Are you a caring, sharing person that’s eager to take your personality into a career where you can really make a difference? Then why not consider a career in social work?
Social work is all about helping people. There’s a vast amount of different roles and types of people who’ll need your help, many of whom will be in vulnerable positions. They can be old, young, individuals, couples, families, from any background, they could have medical difficulties or just need a few things done for them now and again to help them live independently.
Dr Liz Fern, MA Social Work Programme Leader at Liverpool Hope University sums it up perfectly when she says, "Social Work is ideal for those who want to make a real difference to people’s lives and who feel passionate and committed to social justice.
"Social workers are there to protect and act as advocates for others when they are at their most vulnerable, with the aim of helping improve outcomes in their lives. While policy is a big part, people are at the heart of Social Work. It is about working closely with people and meeting them where they are. Social Work can cover a range of areas, from children and family, mental health, the elderly, youth work, international social work and community engagement."
Basically, if you want a job where you’re genuinely going to make a difference to someone’s life, both in the long and short term, social work is definitely for you.
For a postgraduate course, you should ideally already have a social work degree, (or something similar).
In fact if you’ve got a 2:1 or above in your undergraduate degree, or have lots of work experience in social work, you can also apply to be fast tracked into an intense training programme. This full time course will teach you everything you need to know to become a social worker in 14 months.
It also helps if you already have some form of work experience in social work so you’ll have learnt on the job as well as in the classroom. Looking for work experience? Why not volunteer at a support organisation, work for help lines or help out at a youth centre?
Don’t have a social work undergraduate degree? Don’t worry. If you’re qualified in another subject some universities will still allow you to do a social work postgrad qualification, but you’ll be expected to do a short postgraduate course first (allowing you to catch up from what you might have missed as an undergraduate), before heading into the masters. These masters will then last two years (allowing you to catch up from what you might have missed as an undergraduate). Although be prepared as some universities will expect you to be ready for practical side of the course pretty soon into your masters.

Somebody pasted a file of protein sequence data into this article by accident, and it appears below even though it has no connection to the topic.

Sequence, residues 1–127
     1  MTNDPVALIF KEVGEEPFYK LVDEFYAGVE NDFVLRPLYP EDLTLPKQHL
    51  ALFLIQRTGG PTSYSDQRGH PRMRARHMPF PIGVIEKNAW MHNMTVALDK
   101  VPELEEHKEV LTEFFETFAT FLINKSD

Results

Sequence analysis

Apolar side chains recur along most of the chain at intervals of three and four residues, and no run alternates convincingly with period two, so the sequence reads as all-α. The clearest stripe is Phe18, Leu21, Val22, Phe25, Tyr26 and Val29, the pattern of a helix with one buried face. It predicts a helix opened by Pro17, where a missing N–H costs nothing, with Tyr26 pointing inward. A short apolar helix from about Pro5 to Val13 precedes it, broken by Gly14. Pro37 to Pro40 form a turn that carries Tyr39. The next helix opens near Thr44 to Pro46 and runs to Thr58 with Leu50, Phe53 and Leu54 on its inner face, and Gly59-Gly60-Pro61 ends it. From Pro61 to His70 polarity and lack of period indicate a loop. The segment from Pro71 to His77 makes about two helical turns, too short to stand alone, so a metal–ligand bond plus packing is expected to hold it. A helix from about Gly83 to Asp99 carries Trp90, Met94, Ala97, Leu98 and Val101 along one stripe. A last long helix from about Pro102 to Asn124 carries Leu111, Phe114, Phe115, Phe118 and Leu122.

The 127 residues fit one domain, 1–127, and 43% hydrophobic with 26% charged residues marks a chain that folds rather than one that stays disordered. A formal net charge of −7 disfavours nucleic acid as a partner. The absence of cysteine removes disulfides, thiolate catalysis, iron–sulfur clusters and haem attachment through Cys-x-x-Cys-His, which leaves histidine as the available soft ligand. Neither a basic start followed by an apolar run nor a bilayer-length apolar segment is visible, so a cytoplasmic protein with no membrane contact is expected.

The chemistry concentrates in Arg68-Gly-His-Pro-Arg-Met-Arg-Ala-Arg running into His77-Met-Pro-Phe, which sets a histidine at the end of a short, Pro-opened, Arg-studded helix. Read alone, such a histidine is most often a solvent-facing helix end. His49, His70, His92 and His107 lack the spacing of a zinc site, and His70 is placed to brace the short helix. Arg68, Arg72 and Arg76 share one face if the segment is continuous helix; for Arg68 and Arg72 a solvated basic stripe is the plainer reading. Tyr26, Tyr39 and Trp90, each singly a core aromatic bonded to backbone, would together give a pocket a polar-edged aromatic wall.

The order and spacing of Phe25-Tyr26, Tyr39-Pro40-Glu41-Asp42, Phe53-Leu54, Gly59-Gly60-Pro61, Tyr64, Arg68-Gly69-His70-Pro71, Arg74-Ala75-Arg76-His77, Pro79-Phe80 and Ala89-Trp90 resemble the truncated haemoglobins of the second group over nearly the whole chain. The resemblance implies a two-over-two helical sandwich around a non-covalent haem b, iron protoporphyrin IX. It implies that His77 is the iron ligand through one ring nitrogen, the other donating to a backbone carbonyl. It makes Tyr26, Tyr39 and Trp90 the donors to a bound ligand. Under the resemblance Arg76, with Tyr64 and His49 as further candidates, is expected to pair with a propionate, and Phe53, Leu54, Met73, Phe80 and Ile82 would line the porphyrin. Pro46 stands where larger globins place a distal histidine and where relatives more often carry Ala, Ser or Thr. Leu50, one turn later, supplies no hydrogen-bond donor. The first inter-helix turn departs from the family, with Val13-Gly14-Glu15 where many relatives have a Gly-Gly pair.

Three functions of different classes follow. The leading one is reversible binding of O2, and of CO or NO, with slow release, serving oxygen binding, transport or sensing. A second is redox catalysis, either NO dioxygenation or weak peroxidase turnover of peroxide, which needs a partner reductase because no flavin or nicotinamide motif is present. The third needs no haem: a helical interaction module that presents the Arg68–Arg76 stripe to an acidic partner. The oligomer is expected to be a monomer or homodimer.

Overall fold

Lucy from the Social Worker Blog says, "If you are thinking about becoming a social worker it’s very important that you are aware that this course and role requires you to have a DBS (Disclosure and Barring Service) check completed prior to starting the course. This looks into whether you have any criminal records and whether there could be any concerns if you work with vulnerable people.
"It is also a requirement that you register with the HCPC (health and care professions council) and meet their standards and guidelines during your training and throughout your practice as a social worker."
Dr Liz Fern says that to be a social worker, "You’ll need to be a people person, and be willing to collaborate with others, which is a major part of the job."
In terms of personal skills, it’s also good if you are:
You also need to be able to deal with the emotional side that the role brings. You’ll be working with people who need your help to change their life and sometimes that can be tough, so you need to not only be able to deal with that, but also figure out how you can help effectively.
It’s a tough job but if you have these skills and qualifications you’ll be fine.
If you want to be a social worker you aren’t limited to one particular environment or type of person to help, there are a range of work environments to work in and people to meet and help. From general offices to the NHS, the public and private sector as well as people’s actual homes, there are plenty of places you can go and help. But no matter what you study, you’ll be expected to adhere to the British Association of Social Works (BASW) ethics and code.
Dr Fern says, "Liverpool Hope’s Social Work programme is run in partnership with Liverpool Personal Services Society (PSS), a large Liverpool-based voluntary sector organisation. As a Social Worker, you will find yourself working with individuals, agencies, NHS and across disciplines to ensure the welfare of the people you will be supporting. The best social work courses have a strong element of collaboration to prepare you for this."
There are a number of different courses available to you and you need to choose the one which best suits you. Here are just a few of them...